County sees 2 more deaths from COVID
Two additional Harrison County residents died in the past week of COVID-19, according to the county health department.
The death of an 81-year-old man and a 85-year-old female, both with underlying health conditions, brings the total number of deaths from the virus in the county to 60, which includes two clinical deaths (where the persons likely died from COVID but no test was performed to confirm).
The local health department reported 17,581 individuals have been tested for the coronavirus, an increase of 268 since last week. Of those, 3,888 were positive, up 79 from the previous week.
Statewide, 279 more Hoosiers died from the virus, bringing the total to 11,805 since the previous week. Another 426, up 10 from last week, are believed to have had the virus at the time of their death.
The number of positive cases rose by 8,656 since the week before, bringing the total to 650,530. A total of 7,593,841 tests have been performed, an increase of 265,017 from last week.
Vaccinations against COVID-19 are still being scheduled for persons 65 and older as well as for licensed and unlicensed health care workers and first responders who have face-to-face interactions with patients or infectious material or work in a public-facing position that requires in-person contact.
For a complete list of those now eligible to receive the vaccine, which is given in two doses about a month apart, go to https://ourshot.in.gov.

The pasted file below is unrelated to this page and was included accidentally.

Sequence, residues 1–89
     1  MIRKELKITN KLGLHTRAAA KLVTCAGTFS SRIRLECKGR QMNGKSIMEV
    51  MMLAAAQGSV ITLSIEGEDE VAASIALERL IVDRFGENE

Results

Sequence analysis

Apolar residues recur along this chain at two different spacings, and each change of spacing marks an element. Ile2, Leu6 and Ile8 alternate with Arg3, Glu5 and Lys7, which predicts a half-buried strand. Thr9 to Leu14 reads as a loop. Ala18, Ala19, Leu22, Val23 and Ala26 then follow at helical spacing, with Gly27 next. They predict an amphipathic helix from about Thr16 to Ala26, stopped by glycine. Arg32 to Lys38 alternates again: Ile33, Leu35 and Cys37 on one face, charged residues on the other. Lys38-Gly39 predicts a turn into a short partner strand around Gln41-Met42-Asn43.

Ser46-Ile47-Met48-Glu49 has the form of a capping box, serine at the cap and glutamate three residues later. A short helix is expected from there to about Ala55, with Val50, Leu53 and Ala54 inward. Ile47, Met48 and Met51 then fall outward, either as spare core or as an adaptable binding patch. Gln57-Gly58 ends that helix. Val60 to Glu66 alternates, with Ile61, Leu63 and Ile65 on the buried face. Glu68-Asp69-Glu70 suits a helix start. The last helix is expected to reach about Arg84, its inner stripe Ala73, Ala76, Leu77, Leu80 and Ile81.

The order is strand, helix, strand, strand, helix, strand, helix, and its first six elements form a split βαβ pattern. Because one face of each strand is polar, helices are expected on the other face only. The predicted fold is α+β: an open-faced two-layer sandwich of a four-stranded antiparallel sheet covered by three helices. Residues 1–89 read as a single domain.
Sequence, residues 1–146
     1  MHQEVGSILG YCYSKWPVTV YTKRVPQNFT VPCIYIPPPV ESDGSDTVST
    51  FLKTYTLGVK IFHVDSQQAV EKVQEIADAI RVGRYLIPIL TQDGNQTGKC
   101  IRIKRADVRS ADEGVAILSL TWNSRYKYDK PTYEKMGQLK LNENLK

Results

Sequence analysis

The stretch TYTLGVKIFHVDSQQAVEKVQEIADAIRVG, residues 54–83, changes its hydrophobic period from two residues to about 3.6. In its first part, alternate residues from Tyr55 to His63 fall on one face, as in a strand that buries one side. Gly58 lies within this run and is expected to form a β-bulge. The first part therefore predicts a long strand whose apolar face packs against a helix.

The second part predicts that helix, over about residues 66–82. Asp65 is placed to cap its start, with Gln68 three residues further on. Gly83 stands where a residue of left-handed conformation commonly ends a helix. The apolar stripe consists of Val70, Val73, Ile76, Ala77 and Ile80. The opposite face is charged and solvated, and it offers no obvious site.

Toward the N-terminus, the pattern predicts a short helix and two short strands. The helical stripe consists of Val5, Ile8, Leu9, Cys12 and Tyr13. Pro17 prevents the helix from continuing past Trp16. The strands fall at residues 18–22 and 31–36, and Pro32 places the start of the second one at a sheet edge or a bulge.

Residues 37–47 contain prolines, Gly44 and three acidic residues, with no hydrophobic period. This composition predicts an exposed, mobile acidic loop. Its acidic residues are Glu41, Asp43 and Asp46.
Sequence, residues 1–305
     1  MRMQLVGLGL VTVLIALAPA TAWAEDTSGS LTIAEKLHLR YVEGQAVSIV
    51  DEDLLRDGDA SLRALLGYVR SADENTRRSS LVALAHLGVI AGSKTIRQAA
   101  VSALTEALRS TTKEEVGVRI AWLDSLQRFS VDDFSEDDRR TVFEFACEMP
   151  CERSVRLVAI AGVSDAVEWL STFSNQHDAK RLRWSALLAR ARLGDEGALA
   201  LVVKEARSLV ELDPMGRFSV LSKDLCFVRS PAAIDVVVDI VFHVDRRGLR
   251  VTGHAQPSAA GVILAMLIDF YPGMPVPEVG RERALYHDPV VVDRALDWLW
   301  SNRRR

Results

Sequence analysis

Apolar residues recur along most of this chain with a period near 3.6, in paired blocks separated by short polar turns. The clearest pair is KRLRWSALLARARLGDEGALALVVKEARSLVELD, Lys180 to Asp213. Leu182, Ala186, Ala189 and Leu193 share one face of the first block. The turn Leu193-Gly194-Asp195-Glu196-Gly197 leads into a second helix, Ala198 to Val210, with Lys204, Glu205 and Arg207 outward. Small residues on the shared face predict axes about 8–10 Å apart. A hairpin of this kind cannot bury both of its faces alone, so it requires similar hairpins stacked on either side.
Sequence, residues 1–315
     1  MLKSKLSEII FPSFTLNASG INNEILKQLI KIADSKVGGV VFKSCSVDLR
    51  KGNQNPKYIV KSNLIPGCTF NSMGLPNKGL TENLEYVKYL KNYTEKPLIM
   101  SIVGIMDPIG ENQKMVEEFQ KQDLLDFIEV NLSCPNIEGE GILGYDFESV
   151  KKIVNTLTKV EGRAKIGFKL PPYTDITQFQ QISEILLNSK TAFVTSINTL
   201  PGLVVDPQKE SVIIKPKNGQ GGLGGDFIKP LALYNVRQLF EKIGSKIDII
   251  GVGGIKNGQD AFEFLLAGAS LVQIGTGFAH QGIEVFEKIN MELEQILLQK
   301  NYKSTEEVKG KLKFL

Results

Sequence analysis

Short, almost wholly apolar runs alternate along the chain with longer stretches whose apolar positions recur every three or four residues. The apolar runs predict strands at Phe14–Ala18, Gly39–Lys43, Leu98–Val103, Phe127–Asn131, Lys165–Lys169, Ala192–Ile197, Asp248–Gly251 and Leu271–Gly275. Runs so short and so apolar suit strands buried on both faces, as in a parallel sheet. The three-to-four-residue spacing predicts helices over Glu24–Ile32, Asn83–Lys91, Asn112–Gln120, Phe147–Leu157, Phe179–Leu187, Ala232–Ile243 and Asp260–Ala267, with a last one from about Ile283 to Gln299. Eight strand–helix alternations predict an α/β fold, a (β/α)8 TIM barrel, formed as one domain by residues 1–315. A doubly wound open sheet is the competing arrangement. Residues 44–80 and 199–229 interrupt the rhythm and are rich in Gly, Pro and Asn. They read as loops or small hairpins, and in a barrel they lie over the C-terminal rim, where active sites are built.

Scheduling can be completed online at ourshot.in.gov or by call 866-211-9966 for assistance. In Harrison County, vaccinations are being administered, by appointment only, at First Capital Christian Church in Corydon.
To date, 5,906 Harrison Countians have had the first dose of the vaccine, up from 3,287 last week, and 1,416 have received the second one, up 694 since the previous week, and are now fully vaccinated.
Harrison County remains in the second highest level, orange, based on positivity rate, since dropping from the highest (red) on Jan. 27 based on the positivity rate for the virus.
Health officials warn that those who have been vaccinated may still be able to infect others so they should continue to wear a mask and, if in close contact of a positive case, quarantine.